How the child Rebecca learned about the mechanics of sex, a story told in two acts.
I was five, and was on the way home from preschool. We had spent the day writing letters to Santa Claus about what we wanted for Christmas, so I was still wrapped up in childish holiday greed. As I rode home I told the woman who drove the carpool all about my day.
When we got to my house the carpool lady got out of the car to walk me to the door where my mom met us. The carpool lady said “Rose, I understand congratulations are in order.”
My mom looked at both of us for a second and said, confusedly “Well thank you, but I’m not sure why.”
“Rebecca told me that you’re expecting another child.”
“No I’m not pregnant; I’m not sure where she would have gotten that idea.”
At this point I stomped up the four stairs to our back door. I spun around on the landing, hands on my hips, and near tears I shouted, “You weren’t supposed to tell her! It was going to be a surprise!”
See, I had asked for a new baby brother or sister for Christmas. And I had been a very good girl so I assumed it was a done deal. Why would Mom need to know about that?
After Mom and the carpool lady got over their giggles, Mom came to talk to me. She explained that neither storks nor Santa could bring babies. Babies only happened when a Mommy and a Daddy loved each other very much (accurate, if short on detail). Then the baby would grow in a Mommy’s tummy. That was my introduction to the idea of sex, to the idea that there were things grown-ups did that I didn’t know anything about.
In the third grade, our small Catholic school sent home a permission slip to find out if my parents agreed to my going to a short sex-education class. Mom signed the slip and told me that if I had any questions that I didn’t feel comfortable asking the teacher I could come home and ask her.
On the appointed day all the girls grade three and up who had signed permission slips were brought to the Chorus room. We saw slides of a cutaway uterus and fallopian tubes, and a penis and testicles. Everything was named scientifically. The teachers briefly explained about menstruation, and what purpose it served, and when we could expect to begin getting periods of our very own. We were told that after the man planted the seed, a woman would begin to grow a baby. They showed us illustrations of a baby at different stages of development. Then they asked if there were any questions. I sat quietly.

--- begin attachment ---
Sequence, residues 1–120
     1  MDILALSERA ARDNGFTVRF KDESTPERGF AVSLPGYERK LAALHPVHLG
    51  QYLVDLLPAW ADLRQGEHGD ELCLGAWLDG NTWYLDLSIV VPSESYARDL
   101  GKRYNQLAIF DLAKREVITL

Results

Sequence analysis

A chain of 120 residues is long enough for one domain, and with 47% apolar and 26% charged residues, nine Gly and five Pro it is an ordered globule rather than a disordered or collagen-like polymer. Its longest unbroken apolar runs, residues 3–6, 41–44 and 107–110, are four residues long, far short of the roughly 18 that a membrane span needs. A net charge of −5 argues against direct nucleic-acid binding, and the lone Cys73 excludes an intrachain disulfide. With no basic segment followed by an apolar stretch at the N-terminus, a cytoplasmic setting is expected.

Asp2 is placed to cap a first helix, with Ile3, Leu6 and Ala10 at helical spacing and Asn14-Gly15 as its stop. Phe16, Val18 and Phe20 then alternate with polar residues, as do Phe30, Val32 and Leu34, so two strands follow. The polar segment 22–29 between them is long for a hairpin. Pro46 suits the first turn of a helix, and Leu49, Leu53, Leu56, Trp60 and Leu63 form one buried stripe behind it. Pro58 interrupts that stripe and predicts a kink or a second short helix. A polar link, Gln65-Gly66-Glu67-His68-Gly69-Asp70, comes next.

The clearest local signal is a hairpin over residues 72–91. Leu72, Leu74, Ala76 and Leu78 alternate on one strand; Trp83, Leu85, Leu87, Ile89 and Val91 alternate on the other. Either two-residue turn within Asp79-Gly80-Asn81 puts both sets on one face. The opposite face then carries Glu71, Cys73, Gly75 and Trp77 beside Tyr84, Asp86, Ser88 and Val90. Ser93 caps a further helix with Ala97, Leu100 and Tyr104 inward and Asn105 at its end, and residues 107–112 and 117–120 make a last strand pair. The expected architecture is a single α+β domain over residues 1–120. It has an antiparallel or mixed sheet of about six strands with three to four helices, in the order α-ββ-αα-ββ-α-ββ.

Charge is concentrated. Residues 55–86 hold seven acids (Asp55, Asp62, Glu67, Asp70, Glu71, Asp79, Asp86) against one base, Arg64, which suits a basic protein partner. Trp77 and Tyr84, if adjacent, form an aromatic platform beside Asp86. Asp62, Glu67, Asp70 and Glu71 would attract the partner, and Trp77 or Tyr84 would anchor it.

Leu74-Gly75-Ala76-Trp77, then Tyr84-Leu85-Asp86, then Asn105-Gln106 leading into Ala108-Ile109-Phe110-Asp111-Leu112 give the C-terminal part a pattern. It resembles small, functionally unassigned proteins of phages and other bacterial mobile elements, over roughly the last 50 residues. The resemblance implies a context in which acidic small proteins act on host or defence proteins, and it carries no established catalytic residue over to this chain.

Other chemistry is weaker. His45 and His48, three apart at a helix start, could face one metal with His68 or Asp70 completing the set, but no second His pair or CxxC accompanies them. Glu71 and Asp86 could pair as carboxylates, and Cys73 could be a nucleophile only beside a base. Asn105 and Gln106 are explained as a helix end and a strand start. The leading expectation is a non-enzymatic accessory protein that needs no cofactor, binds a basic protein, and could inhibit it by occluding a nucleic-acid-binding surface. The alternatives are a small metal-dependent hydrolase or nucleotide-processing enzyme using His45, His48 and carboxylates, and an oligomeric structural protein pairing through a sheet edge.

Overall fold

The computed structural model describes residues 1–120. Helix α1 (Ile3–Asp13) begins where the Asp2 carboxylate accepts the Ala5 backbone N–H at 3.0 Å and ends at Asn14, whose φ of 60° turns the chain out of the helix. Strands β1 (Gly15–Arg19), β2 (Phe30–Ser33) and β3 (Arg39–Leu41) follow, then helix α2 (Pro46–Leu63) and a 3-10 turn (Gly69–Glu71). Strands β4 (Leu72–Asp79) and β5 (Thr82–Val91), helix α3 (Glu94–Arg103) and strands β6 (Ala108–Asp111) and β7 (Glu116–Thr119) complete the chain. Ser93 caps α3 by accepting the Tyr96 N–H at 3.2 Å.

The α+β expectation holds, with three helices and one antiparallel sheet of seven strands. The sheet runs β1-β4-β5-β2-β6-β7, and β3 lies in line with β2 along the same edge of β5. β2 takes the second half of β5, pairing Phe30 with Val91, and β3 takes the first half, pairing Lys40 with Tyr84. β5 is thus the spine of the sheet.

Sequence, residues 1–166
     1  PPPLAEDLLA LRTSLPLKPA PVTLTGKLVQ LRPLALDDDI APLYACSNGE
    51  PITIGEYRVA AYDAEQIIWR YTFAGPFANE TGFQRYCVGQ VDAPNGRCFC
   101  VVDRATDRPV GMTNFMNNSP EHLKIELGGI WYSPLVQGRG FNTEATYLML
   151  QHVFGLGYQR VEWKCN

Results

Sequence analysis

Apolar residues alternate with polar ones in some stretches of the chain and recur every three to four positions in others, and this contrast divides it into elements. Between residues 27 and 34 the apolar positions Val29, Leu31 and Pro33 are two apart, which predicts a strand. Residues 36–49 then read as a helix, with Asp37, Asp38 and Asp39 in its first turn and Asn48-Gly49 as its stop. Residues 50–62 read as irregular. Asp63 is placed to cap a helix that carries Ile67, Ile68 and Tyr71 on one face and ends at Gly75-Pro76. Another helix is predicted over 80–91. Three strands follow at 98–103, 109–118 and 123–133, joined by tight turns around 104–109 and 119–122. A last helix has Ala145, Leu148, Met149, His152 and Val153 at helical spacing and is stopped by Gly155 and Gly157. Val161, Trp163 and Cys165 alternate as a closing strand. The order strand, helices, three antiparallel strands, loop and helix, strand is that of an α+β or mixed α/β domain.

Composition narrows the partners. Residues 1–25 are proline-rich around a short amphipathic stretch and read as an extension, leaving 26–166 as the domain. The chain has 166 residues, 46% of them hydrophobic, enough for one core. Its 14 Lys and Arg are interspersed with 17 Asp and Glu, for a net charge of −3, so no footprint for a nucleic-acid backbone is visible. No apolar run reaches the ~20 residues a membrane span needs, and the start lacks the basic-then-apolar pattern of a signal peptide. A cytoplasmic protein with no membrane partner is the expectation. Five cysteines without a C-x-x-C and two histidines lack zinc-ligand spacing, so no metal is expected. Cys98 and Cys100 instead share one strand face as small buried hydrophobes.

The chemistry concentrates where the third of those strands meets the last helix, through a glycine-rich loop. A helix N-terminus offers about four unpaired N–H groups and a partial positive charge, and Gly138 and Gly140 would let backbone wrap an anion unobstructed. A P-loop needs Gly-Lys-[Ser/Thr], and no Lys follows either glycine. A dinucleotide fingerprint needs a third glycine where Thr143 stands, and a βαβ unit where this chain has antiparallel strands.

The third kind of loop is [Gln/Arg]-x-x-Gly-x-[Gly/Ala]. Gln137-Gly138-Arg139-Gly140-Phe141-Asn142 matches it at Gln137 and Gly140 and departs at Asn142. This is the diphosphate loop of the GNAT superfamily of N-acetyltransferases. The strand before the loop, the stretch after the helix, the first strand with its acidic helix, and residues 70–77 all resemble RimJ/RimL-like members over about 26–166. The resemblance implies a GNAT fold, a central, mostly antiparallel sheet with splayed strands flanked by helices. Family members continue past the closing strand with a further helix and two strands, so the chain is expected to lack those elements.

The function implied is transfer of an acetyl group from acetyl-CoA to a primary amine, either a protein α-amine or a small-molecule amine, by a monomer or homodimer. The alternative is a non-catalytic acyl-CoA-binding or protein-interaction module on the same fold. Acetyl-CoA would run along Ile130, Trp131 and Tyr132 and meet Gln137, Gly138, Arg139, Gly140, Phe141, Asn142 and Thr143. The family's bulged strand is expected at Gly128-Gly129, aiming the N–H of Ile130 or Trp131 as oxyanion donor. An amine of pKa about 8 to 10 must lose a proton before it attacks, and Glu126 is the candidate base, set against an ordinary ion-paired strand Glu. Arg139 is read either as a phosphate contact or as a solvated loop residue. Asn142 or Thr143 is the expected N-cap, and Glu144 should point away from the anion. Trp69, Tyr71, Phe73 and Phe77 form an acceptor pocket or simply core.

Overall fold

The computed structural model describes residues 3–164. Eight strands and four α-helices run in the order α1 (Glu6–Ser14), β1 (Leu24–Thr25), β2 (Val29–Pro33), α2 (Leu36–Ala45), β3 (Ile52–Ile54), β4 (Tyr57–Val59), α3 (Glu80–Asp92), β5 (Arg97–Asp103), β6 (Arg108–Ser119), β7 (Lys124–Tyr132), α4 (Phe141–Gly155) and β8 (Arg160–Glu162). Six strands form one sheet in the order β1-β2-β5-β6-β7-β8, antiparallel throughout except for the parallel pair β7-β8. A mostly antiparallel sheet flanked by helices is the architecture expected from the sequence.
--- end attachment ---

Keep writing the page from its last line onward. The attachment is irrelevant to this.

When I got home Mom was waiting in the kitchen to ask about my day. She asked about the sex-ed class and we talked about what I had learned. Then she asked me if I had any questions. I nodded. There was one thing I hadn’t been able to figure out.
“How does the man plant the seed?”
In my defense they don’t really explain the act with tab-A, slot-B clarity to grade schoolers. And my nine year old brain certainly didn’t go there. I had it all figured out, to make a baby a Mommy and a Daddy had to kiss in a special way and wish really hard (still accurate, still missing a few key details). After all parents who loved each other kissed, and I knew that not everyone who wanted a baby got one immediately so I figured the wishing had to be just right. But I couldn’t mesh my kissing theory with everything I had learned that day. For starters, it seemed really inefficient to put all the necessary parts so far away from the mouth.
To her credit, Mom didn’t laugh or dither. She explained that a Daddy had to put his penis into a Mommy’s vagina to make a baby. My reaction to fully understanding the sexual act for the first time?
“Ewww, gross!! I am never, ever going to have sex or a baby. What if he pees in there? Ew, ew, ew, ew, ew!”
@@@This is my entry for week 5 of LJ Idol – open topic. (Give me no prompt and my brain goes to sex. No surprise there.) I'll post a link to the poll on Friday once it is up. Thank you for reading.@@@